Tony and Aurora Kovacs talk with Red Cross representative Sarina MacDonell on the weekend.

Tony and Aurora Kovacs talk with Red Cross representative Sarina MacDonell on the weekend.

Thieves benefit from flood mayhem

While most people have gone above and beyond to help others during the post-flood, there are others who help themselves.

  • Jun. 16, 2015 5:00 p.m.

by Barbara Roden

The recent flood in Cache Creek has brought out the best in many people, with volunteers helping those in need and donations pouring in to assist people who were hardest hit. Students from Ashcroft Secondary School volunteered for several work bees organized by the school; out-of-towners have come by to ask how they could help; Zimmer Wheaton GM in Kamloops donated the use of a dump trailer and bobcat; Interior Roads donated the use of two dump trucks and a loader to clear out a property near the highway that was particularly hard hit; and groups such as Samaritan’s Purse – a non-denominational evangelical Christian organisation that provides physical and spiritual aid to those in need – have been in Cache Creek for more than a week, helping to dig out residences that machinery can’t get to.

There are, however, people who will try to profit from the misfortune of others, and Tony and Aurora Kovacs appear to have suffered as a result. Their property on the south side of town between Cache Creek and Hwy 1 was one of the hardest hit, and volunteers salvaged tools and a workbench with a vise and grinder from a workshop on the property, which also had a number of fishing rods in it. Most of the items were placed in the yard and driveway, but have since gone missing.

Volunteer Clayton Cassidy says he doesn’t know of anyone else who has reported missing items. Tony and Aurora were evacuated to a local motel immediately following the flood, so there was no one to watch the property.

There were also fears that the couple – along with other evacuees staying at Cache Creek motels – would have to leave their accommodations because of previous bookings by those attending Graffiti Days. However, Cassidy reported that all the evacuees were told they could stay where they were, with other arrangements being made for people with prior bookings. Several severely impacted people who are unable to return to their homes are seeking longer-term accommodations. Anyone who knows of, or has access to, available rental property is urged to contact the Village Office at 1389 Quartz Rd. (457-6237).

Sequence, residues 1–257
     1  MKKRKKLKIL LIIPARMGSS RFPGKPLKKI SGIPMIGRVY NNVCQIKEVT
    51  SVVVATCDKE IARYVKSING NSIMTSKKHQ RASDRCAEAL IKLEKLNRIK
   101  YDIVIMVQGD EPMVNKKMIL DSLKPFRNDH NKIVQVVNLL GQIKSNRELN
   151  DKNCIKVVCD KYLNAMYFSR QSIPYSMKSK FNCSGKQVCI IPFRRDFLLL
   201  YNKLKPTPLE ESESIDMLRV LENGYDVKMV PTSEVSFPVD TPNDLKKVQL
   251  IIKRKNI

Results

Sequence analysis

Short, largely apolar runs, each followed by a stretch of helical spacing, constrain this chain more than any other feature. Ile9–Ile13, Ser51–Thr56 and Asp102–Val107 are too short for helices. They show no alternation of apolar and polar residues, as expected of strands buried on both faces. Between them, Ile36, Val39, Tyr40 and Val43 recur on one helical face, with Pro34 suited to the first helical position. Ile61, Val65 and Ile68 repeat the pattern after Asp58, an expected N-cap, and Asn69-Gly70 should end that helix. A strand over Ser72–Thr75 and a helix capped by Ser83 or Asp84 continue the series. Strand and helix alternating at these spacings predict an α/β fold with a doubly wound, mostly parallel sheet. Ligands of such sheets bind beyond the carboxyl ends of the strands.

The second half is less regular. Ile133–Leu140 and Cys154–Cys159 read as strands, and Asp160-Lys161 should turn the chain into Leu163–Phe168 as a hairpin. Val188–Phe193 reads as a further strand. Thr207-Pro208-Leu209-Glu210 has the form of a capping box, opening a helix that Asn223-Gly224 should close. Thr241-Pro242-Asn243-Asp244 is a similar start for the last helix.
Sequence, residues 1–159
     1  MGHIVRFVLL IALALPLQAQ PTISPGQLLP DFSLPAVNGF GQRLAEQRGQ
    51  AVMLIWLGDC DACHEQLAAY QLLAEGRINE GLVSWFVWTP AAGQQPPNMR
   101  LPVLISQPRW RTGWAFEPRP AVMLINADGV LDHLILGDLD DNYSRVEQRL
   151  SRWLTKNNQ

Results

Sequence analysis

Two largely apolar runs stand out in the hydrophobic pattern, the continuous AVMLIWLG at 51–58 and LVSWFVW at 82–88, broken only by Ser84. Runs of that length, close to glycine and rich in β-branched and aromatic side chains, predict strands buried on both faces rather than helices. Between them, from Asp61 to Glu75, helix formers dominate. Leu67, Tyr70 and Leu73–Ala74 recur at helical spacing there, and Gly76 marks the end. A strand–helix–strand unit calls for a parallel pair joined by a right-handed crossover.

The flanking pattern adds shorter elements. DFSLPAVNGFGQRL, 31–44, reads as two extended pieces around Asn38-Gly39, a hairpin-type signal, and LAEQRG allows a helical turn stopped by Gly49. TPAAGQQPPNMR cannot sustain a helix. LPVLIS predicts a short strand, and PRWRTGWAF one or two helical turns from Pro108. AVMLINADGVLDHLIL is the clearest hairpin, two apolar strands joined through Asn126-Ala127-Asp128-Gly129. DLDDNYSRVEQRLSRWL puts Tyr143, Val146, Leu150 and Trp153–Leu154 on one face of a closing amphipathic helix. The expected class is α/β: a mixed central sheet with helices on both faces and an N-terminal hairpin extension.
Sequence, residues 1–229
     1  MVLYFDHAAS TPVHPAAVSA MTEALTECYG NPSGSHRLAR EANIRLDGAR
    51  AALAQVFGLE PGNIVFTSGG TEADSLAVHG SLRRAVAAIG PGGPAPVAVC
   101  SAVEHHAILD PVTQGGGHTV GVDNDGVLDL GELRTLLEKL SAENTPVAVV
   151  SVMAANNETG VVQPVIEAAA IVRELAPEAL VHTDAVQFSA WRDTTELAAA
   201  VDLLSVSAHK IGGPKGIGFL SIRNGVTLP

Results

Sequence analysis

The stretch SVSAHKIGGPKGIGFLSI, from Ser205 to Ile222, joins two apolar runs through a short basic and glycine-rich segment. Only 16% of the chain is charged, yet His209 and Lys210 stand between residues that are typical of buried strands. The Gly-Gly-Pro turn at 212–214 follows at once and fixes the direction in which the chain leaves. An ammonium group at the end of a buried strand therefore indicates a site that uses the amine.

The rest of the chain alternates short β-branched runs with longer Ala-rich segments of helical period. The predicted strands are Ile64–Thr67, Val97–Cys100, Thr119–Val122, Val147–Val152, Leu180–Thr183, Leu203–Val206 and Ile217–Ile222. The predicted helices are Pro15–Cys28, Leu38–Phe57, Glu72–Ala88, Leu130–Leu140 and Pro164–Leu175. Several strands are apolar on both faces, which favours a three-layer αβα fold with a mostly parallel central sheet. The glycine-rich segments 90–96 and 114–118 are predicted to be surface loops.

Cassidy said that the Village has come a long way since the flood. “Considering what the trailer court looked like, it’s amazing,” he said. “Lots of work has been done to dig them out. Some places have taken four or five days to dig out.” He noted that there are properties that machinery can’t access, so work is being done by hand. “Samaritan’s Purse spent a day digging out a property on Valleyview.

“The response has been great,” added Cassidy, noting that while things were somewhat disorganized at the start, there’s been a real effort to match volunteers with demand. While the Resiliency Centre at the Community Hall closed on Sunday June 14, and the phone number there is no longer in service, anyone who needs information or assistance, would like to volunteer, has items/money to donate, or would like to sign out landscaping equipment should contact the Village Office, which can answer any flood-related inquiries.